Mickey in Arabia
|Mickey in Arabia|
|Mickey Mouse series|
|Directed by||Wilfred Jackson|
|Produced by||Walt Disney|
|Voices by||Walt Disney, Marcellite Garner (both uncredited)|
|Studio||Walt Disney Productions|
|Distributed by||Columbia Pictures|
|Color process||Black & White|
|Running time||6 min., 57 sec.|
|Preceded by||Musical Farmer (1932)|
|Followed by||Just Dogs (1932)|
Mickey in Arabia is a 1932 American animated short film produced by Walt Disney Productions and released by Columbia Pictures. Walt Disney plays Mickey Mouse and Marcellite Garner plays Minnie. The date of its release is thought to be 18 July 1932, but at least one source  gives July 11 as the date.
Mickey & Minnie are riding camelback through the Arabian Desert and happen upon a lively town. Dismounting within, the mice take some amusing photographs whilst their naughty camel slurps up the contents of a beer barrel. As Minnie Mouse backs away with her camera from Mickey, who is posing for the shot, a sultan abducts her from behind a fence. Mickey takes to the chase, but his intoxicated camel is of little use; finding out the sultan's palace, the mouse scales the wall and, through a window, enters a room in the building, where he finds a screaming Minnie struggling against the amorous villain. Breaking the sultan's grasp, Mickey becomes the target of the sultan's bullets; hiding Minnie in a flower pot, and prevailing, through chance, over the sultan's well-armed men, Mickey is pursued (while delicately balancing the flower pot in his hands!) by the sultan himself, out the window, up the spiral stairway leading to the palace roof, thence to the next building over, where he drops the pot, only rescuing Minnie from the fall at the building's edge, from which he slips on account of a loose brick. Minnie & Mickey fall into an awning: the angry sultan, still in pursuit, leaps from the same edge, compelling Mickey to retract the awning, making the sultan's fall considerably less pleasant; the spears of the sultan's warriors, similarly avoided, make their way to the helplessly entombed sultan, who then rushes off, in pain, into the distance. Mickey calls his camel, and, with Minnie, rides off happily.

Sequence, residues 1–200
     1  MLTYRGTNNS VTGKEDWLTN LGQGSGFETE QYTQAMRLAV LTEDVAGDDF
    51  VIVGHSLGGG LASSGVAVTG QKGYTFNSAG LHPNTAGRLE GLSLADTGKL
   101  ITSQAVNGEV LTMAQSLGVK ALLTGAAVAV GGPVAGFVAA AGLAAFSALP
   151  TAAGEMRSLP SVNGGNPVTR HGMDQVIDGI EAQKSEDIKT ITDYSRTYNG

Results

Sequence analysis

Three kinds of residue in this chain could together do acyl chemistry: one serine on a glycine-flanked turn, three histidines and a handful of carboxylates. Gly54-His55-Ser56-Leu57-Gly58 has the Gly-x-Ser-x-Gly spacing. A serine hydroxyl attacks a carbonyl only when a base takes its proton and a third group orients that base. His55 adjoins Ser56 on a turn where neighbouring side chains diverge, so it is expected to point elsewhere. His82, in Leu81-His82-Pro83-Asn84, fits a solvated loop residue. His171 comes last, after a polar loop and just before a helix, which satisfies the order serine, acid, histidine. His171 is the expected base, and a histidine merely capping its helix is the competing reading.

- Maltin, Leonard. Of Mice and Magic: a History of American Animated Cartoons. Von Hoffmann Press, Inc., 1980, p. 346.
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